Another intrinsic flexibility of direct spray enclosures is acceptance of varying heat densities. In ASIP, different card sets are used for applications ranging from 600 to 1,700 W in enclosure power, yet the enclosure is identical between all use cases. For diverse heat loads, an external heat exchanger easily scales with power densities. Heat rejection options include fuel, PAO, EGW, RAM air, ambient air, or skin/hull. Dependence on platform infrastructure for cooling options is eliminated as the direct spray enclosure and heat exchanger act as a self-contained system in pressurized or unpressurized environments.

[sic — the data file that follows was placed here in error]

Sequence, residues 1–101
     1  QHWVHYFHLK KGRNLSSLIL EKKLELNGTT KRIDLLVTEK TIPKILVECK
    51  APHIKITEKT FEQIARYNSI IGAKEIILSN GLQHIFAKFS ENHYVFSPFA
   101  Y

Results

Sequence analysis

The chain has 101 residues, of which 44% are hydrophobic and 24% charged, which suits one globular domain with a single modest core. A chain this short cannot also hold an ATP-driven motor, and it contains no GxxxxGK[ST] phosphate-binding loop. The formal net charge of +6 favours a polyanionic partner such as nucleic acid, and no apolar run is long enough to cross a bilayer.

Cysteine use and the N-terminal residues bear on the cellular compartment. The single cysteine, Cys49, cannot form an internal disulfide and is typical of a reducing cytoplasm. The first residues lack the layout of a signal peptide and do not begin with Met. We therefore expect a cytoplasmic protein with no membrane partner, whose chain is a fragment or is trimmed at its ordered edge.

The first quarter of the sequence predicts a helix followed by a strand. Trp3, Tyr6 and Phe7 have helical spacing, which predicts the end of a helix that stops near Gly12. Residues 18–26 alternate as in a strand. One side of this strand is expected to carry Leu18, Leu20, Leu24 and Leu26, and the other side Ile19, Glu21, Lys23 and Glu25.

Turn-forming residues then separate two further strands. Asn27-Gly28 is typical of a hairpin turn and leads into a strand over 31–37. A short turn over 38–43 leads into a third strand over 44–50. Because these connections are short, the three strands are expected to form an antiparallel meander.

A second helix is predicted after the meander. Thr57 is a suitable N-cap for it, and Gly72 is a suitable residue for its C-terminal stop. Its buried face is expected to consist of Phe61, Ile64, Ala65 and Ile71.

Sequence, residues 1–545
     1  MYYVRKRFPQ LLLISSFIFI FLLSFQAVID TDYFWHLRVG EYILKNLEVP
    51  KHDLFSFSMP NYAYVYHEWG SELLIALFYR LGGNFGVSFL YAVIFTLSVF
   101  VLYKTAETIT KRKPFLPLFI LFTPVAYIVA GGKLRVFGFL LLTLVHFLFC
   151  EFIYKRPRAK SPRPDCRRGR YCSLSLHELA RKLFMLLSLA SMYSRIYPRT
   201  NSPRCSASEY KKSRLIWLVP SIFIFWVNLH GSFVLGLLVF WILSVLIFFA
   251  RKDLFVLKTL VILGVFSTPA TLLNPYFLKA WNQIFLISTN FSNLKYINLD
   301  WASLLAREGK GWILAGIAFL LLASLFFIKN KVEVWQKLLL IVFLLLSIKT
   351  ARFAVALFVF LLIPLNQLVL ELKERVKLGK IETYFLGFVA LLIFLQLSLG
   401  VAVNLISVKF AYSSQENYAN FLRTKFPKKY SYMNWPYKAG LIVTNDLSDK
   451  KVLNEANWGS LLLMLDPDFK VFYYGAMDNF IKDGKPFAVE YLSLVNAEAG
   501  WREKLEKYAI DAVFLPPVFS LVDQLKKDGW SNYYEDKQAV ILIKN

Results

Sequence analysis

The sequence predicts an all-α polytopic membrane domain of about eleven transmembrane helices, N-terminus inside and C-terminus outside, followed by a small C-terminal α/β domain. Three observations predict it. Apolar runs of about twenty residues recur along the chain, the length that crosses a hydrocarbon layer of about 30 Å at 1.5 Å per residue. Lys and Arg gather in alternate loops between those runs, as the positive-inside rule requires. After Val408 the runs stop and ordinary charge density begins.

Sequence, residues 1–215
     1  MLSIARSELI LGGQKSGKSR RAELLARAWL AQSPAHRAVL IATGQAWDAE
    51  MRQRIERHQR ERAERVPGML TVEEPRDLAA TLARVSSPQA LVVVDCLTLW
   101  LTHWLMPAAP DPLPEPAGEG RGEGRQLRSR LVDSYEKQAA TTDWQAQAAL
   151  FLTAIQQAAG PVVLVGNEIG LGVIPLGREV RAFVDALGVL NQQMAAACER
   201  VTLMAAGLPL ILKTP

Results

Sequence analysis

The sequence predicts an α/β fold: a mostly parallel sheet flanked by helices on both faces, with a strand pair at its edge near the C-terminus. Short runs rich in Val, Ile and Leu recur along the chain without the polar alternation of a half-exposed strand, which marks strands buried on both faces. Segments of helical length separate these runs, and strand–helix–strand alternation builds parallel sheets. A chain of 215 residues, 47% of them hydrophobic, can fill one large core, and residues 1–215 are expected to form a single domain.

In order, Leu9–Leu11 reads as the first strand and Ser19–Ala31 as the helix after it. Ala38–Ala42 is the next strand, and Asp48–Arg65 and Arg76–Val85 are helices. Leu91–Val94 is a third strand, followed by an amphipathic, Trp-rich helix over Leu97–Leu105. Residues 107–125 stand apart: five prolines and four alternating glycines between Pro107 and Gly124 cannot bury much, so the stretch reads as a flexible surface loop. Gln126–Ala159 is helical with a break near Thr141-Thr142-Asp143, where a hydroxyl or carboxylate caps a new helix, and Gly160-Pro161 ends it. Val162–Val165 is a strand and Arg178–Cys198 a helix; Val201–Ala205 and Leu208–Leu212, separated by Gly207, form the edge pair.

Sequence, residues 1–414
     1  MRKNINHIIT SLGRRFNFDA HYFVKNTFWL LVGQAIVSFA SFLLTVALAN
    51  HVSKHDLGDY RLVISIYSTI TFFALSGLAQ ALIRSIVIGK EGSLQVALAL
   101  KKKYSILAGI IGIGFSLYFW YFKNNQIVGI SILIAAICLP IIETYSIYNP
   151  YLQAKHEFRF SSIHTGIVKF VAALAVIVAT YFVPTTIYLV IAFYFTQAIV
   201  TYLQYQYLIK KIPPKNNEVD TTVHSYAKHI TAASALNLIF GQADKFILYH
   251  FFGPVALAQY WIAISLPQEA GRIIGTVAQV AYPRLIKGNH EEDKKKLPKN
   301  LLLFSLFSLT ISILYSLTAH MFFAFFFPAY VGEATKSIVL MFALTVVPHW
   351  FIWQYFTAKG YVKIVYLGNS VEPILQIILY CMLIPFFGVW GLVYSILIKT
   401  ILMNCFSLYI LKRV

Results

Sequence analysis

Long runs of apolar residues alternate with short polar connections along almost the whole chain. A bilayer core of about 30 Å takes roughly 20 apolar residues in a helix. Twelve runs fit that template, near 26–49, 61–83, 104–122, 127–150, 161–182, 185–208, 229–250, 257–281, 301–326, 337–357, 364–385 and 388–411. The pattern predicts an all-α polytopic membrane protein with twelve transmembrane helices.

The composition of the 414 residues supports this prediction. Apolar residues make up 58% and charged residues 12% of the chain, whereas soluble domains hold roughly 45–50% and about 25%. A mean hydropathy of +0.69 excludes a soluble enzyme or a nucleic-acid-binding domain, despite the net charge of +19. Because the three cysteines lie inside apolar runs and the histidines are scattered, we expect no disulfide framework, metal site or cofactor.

Several ASIP cards are RF receiver cards tuned to between 20 and 3,000 MHz, while other cards range up to 18 GHz. With air-cooled systems, the electronics closest to the air supply are coolest while those near the air exhaust operate hotter. Conduction cards also create a thermal gradient from the middle of the enclosure to the first and last slots. Due to temperature sensitivity of the RF electronics, compensation is usually required between cards in the enclosure. NG took advantage of the innate ability of direct spray to limit the temperature gradient to less than 2 °C across a 20-slot system with power densities ranging from 30 to 60 W per board. In the ASIP enclosure, the electronics are maintained between +30 °C and +50 °C while the ambient temperature ranges from -65 °C to +71 °C.